Housing Court in most places does not resemble anything that most people imagine court being.
The pandemic has exposed and deepened America’s housing crisis: the lack of safe and affordable housing; the iron grip of how that shortage plays out by race; and the connections among evictions, public health outcomes, homelessness, and criminal legal involvement.
There are pockets of innovation across the country: new approaches to Housing Court—where critics charge due process rarely exists for tenants; and new on-the-ground efforts to prevent evictions before they reach court. Lessons have been learned during the pandemic, but will they be listened to?
One of those pockets of innovation is in Red Hook, a mostly segregated neighborhood near Brooklyn’s waterfront. The Red Hook Community Justice Center, a project of the Center for Court Innovation, adopts a housing-first justice approach—the recognition that housing is a human right, a linchpin for human thriving and community safety.
What if more jurisdictions, more court systems across the country, supported similar work?
On this special episode of New Thinking, hear a profile of Red Hook’s housing team, helping residents of one of New York City’s largest public housing developments navigate housing court, and working in the community to document needed repairs and ensure tenants get the support they need to avoid evictions coming to court in the first place.
The following is a transcript of the podcast:
Shamus ROLLER: My thing about evictions is it's a moment of crisis for a family and that if you can intervene, and intervention is really not that expensive in comparison to the downstream costs of this, it just is that moment in which it just makes so much sense to intervene from a societal perspective.
Matt WATKINS: Welcome to New Thinking from the Center for Court Innovation. I'm Matt Watkins. That voice you just heard belongs to Shamus Roller. He’s the executive director of the National Housing Law Project. The pandemic has exposed and deepened America’s housing crisis: the lack of safe and affordable housing; the iron grip of how that shortage plays out by race; and then the connections among evictions, public health, homelessness, and criminal legal involvement.
There are pockets of innovation across the country: new approaches to Housing Court—a broken system in most jurisdictions; and new on-the-ground efforts to support tenants, to prevent evictions before they reach court. Lessons have been learned during the pandemic, but will they be listened to?
One of those pockets of innovation is in Red Hook, a mostly segregated neighborhood near Brooklyn’s waterfront. A pier features a great view of the Statue of Liberty. The Red Hook Community Justice Center, a project of the Center for Court Innovation, adopts what we could call a housing-first justice approach—the recognition that housing is a human right, a linchpin for human thriving and community safety.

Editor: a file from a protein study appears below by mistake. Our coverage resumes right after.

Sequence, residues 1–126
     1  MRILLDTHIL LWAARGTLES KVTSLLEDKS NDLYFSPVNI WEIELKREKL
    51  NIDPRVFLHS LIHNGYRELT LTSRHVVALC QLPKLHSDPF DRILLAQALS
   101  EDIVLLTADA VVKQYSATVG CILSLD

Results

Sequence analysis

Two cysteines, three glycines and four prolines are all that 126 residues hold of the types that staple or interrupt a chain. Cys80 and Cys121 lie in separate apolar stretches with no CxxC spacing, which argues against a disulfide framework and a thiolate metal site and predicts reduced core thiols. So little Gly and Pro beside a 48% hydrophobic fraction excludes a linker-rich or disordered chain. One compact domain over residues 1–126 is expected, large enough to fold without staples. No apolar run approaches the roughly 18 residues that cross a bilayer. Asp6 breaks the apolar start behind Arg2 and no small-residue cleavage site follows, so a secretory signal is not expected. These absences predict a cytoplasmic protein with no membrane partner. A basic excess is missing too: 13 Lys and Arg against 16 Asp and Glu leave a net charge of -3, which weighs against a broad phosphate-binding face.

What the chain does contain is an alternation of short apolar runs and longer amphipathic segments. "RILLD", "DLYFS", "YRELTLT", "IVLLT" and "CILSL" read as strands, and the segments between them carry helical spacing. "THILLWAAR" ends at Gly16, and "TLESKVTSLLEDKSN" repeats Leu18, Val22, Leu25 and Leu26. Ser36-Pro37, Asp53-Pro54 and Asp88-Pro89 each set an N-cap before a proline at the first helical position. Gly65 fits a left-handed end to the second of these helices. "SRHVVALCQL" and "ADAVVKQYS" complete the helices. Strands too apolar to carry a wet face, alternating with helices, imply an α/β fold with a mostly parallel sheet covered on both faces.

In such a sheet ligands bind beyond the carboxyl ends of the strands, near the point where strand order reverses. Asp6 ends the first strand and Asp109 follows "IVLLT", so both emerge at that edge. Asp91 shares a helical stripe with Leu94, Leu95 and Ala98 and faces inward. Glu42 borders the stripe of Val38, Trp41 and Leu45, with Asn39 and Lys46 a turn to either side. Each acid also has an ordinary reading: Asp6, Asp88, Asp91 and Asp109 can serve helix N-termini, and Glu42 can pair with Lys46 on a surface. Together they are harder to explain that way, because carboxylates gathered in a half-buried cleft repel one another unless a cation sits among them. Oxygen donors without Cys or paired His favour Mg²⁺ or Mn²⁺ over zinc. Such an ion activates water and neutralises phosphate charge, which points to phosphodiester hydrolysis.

What if more jurisdictions, more court systems across the country, supported similar work?
Let’s keep that national picture in mind, then, as we listen to this portrait: Evicting Evictions.
Ross JOY (on phone): Oh, ok, there are some residents below you on the C-line reporting a water leak issue that it seems like NYCHA hasn’t been able to fix…”
WATKINS: This is Ross Joy, trying to track down the source of a leak.
JOY: It seems pretty bad… a pipe that’s broken inside the wall.
WATKINS: Ross is part of the housing team at the Red Hook Community Justice Center.
The Justice Center has a Housing Court that works exclusively with a complex called the Red Hook Houses. The Houses are one of New York City’s largest public housing developments. They’re almost a city unto themselves: 28 buildings called home by about 3,000 tenant families.
Today Ross is calling about one family’s apartment Its walls are bubbling out from water damage.
The neighbor above Ross has reached isn’t having a leak problem, but she says the lights are out in the public hallway and no one has come to fix it.
Ross asks her to send him a photo of how dark the hallway is at night. And then he logs on and files a ticket with the housing authority.
Ross is part of a housing court team whose job is to keep people in their houses. And to make sure they can access a process that honors tenants’ rights.
JOY: The work of preventing eviction I think is very strongly aligned with my values that communities should be stable, where people can live and thrive.
WATKINS: New York’s public housing authority estimates it would cost $40 billion to clear its backlog of repairs. Along with an affront to dignity, repairs that don’t get done can be a health hazard: your gas or your heating is out, untreated mold in your walls, lead paint that isn’t replaced. But they can also lead to evictions: people withhold their rent, but if they don’t document everything, they can end up with a rent bill they can’t meet. Ross moved to New York six years ago, after working to organize tenants on the south side of Minneapolis.